JEFF DOWNING (B.A., ’89; MFA, ’92) is a professor of Art at SF State and a ceramicist. This winter, he exhibited in “Under Water” at the Palo Alto Art Center. He kicked off the exhibition in January with a performance piece near the Lucy Evans Baylands Nature Interpretive Center, installing five columns in the marsh to coincide with the annual King Tides and build awareness of sea-level rise.

CAULEEN SMITH (B.A., ’91) received the Heinz Award for the Arts. Smith, interdisciplinary artist and educator, is recognized for her experimental films, installations and multimedia works that push the boundaries of film — reflecting on history, the power of community and culture.

BARBARA MCVEIGH (M.A., ’94) is producer of “The Man Behind the White Guitar,” a documentary about Brazilian guitarist Jose Neto. It screened March 1 at Dominican University in San Rafael, accompanied by a performance by Neto.

SIOBHAN BROOKS (B.A., ’96) is an African American studies professor at CSU Fullerton who researches unionization efforts by sex workers. She is the author of “Unequal Desires: Race and Erotic Capital in the Stripping Industry” (SUNY Press). While attending SF State, Brooks was a union activist and dancer for an adult theatre in San Francisco.

KEVIN MULLIN (MPA, ’98) was elected to California’s District 15 House of Representatives in November 2022.

SARAH ALLEN (B.A., ’99) is the executive producer of the Showtime documentary “STAND.” It focuses on the controversial career of basketball legend and activist Mahmoud Abdul-Rauf.

CARLA BONILLA (B.A., ’02) is assistant professor of biology at the University of San Diego. Her research interests are in bacterial genetics and promoting inclusive science classrooms.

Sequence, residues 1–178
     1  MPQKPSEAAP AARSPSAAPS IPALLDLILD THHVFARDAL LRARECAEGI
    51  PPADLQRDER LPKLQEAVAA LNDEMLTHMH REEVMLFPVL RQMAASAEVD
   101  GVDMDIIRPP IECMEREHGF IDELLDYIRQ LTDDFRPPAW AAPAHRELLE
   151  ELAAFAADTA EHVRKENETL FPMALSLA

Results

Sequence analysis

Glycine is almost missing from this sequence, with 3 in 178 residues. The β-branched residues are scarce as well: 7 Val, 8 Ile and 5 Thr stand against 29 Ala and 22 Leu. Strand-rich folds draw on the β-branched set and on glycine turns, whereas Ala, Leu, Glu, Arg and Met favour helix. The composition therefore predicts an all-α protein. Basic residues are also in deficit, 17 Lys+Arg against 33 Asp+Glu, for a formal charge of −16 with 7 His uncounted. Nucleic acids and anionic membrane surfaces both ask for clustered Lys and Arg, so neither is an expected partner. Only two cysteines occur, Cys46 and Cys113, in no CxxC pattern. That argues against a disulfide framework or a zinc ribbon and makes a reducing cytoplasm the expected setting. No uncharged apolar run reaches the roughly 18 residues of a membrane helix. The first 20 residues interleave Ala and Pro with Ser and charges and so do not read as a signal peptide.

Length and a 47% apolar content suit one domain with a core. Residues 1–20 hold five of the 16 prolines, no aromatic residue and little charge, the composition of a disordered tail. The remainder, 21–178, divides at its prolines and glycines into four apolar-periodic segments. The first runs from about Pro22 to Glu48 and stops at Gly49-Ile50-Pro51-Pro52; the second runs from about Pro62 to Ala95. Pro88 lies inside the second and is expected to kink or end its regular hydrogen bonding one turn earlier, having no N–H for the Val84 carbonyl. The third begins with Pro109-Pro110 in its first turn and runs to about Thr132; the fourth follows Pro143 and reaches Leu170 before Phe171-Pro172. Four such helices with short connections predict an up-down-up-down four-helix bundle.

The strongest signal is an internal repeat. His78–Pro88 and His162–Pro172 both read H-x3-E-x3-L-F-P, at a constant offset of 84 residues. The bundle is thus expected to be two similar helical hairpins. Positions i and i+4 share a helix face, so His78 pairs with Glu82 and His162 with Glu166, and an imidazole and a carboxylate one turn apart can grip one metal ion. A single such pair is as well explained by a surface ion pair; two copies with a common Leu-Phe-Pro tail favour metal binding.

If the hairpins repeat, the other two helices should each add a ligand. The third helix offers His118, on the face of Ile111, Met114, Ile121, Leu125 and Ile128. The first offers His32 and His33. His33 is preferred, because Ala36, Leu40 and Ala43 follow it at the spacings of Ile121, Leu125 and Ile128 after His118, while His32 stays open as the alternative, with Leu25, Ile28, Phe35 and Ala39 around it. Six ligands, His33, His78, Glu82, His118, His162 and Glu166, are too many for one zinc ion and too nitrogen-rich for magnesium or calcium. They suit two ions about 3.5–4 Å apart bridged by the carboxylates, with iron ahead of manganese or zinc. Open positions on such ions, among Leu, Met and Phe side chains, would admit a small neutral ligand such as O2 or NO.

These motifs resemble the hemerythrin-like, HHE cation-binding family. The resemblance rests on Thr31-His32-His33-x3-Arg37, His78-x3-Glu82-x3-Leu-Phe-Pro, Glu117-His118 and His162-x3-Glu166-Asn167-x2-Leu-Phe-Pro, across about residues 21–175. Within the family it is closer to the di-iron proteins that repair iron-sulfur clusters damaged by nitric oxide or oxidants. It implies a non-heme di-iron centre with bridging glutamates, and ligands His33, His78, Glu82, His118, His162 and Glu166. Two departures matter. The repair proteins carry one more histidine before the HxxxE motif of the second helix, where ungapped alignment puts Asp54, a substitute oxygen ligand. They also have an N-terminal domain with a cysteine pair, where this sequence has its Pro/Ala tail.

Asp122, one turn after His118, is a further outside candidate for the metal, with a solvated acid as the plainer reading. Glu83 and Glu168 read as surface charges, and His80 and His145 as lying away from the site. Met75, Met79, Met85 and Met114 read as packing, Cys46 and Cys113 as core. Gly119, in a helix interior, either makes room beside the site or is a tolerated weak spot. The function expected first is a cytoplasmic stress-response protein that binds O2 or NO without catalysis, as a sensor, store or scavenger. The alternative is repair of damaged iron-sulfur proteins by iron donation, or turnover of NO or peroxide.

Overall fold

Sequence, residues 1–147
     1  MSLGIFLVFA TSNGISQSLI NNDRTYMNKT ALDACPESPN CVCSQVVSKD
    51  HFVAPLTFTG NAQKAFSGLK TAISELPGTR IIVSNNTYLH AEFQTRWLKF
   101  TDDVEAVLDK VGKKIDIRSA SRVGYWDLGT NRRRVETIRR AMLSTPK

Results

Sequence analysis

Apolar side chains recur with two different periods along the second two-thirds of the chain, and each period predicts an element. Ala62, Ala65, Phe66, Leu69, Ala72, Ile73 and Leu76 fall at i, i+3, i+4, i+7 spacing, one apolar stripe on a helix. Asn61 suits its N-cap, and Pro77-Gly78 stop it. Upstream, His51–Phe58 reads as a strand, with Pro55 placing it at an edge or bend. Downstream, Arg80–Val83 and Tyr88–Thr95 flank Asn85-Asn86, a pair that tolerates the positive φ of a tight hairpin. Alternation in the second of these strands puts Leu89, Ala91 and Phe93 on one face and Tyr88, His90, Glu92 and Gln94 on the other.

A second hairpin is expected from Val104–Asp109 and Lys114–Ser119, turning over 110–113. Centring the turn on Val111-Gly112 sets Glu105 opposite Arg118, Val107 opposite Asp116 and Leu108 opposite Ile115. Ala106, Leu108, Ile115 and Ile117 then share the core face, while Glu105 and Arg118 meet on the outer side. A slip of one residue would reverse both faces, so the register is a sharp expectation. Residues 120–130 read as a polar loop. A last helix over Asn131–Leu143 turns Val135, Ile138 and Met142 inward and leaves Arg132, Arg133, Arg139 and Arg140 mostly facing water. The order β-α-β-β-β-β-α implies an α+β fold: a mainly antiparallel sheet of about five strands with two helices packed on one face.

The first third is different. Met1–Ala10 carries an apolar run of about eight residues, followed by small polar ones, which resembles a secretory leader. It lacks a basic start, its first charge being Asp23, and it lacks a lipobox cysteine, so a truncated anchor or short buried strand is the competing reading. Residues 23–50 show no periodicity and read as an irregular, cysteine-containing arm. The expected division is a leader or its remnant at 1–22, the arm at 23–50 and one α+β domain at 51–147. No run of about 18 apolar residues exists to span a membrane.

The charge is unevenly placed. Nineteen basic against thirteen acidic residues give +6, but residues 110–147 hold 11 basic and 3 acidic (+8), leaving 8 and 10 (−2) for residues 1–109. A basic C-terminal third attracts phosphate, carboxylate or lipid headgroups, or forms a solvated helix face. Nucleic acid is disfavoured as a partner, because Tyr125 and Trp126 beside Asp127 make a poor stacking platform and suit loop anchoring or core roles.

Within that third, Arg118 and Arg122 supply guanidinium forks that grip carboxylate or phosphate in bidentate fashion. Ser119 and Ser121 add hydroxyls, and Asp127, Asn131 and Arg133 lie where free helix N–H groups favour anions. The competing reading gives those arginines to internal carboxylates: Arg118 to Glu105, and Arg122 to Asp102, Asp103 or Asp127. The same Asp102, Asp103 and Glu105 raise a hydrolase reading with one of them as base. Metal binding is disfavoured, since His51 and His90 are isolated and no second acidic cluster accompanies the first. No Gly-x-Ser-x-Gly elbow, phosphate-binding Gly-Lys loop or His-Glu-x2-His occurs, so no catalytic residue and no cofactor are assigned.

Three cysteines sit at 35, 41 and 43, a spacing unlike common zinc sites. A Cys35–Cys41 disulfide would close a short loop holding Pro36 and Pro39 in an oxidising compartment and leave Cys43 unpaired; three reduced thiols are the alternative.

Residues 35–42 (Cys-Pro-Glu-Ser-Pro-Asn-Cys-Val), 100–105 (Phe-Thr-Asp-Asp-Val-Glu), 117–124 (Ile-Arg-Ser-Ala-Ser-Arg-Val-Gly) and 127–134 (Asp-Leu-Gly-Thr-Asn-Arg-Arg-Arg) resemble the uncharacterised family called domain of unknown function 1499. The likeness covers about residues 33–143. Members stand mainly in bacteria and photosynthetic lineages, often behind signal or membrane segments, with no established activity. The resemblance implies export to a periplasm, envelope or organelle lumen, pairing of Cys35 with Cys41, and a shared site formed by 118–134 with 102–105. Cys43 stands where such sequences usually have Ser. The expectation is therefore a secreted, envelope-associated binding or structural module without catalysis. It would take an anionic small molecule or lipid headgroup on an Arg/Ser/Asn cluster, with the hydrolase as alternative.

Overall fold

DAWN MONIQUE WILLIAMS (B.A., ’03) directed “Paradise Blue” at Aurora Theatre Company in Berkeley from Jan. 27 to Feb. 26. She is a lecturer in SF State’s School of Theatre and Dance.

JOHN CALDON (B.A., ’07) is the first-ever executive director of Hardly Strictly Bluegrass, the nonprofit behind the annual free festival that draws half a million music lovers to Golden Gate Park. Prior, Caldon was managing director of the San Francisco War Memorial and Performing Arts Center.

STACY NATHANIEL JACKSON’S (MFA, ’07) debut novel, “The Ephemera Collector,” will be published by Liveright. Jackson is a retired finance director whose poems, plays and visual art address gender, family and conflict emergence.

GIOVANNA MONTENEGRO (M.A., ’07) is an associate professor of comparative literature and director of Latin American and Caribbean area studies at Binghamton University. Her new book is “German Conquistadors in Venezuela: The Welsers’ Colony, Racialized Capitalism and Cultural Memory” (University of Notre Dame Press).

BRIAN RIVERA (B.A., ’07) is a theatre and film actor whose recent credits include the world premiere of “The Travelers” at San Francisco’s Magic Theatre earlier this year.